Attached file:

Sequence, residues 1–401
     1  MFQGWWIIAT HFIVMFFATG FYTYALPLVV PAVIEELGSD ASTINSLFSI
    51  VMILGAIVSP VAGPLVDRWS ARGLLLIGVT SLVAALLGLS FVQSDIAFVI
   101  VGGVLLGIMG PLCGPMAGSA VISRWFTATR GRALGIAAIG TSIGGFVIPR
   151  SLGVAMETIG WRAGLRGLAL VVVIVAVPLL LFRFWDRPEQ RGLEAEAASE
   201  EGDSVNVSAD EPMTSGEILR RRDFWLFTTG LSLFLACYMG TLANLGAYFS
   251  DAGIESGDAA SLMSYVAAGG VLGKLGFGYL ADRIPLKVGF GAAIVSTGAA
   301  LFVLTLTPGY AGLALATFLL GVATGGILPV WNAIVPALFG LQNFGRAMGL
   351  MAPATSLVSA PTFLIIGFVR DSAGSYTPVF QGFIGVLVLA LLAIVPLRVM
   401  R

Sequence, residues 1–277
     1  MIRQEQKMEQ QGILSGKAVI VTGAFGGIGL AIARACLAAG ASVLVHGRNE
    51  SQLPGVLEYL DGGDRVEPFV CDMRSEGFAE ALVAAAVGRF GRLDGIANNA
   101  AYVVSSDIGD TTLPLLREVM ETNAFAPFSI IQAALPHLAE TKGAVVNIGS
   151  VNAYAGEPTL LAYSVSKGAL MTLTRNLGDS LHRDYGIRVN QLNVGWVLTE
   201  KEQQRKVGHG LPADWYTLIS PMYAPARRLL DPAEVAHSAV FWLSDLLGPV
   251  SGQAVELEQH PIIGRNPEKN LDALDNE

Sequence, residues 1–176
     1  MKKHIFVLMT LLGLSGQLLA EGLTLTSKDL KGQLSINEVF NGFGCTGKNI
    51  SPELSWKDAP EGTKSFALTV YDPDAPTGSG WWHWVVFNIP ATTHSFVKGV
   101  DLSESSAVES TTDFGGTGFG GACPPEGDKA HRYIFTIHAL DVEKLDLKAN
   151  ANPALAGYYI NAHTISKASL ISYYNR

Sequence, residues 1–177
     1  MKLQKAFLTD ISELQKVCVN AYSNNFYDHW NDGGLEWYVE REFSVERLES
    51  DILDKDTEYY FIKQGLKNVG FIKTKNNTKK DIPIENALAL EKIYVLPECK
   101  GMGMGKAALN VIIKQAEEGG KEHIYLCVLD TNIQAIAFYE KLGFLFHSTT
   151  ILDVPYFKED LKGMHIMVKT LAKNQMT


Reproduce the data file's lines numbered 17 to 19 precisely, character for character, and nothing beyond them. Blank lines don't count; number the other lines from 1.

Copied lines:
   251  SGQAVELEQH PIIGRNPEKN LDALDNE

Sequence, residues 1–176
     1  MKKHIFVLMT LLGLSGQLLA EGLTLTSKDL KGQLSINEVF NGFGCTGKNI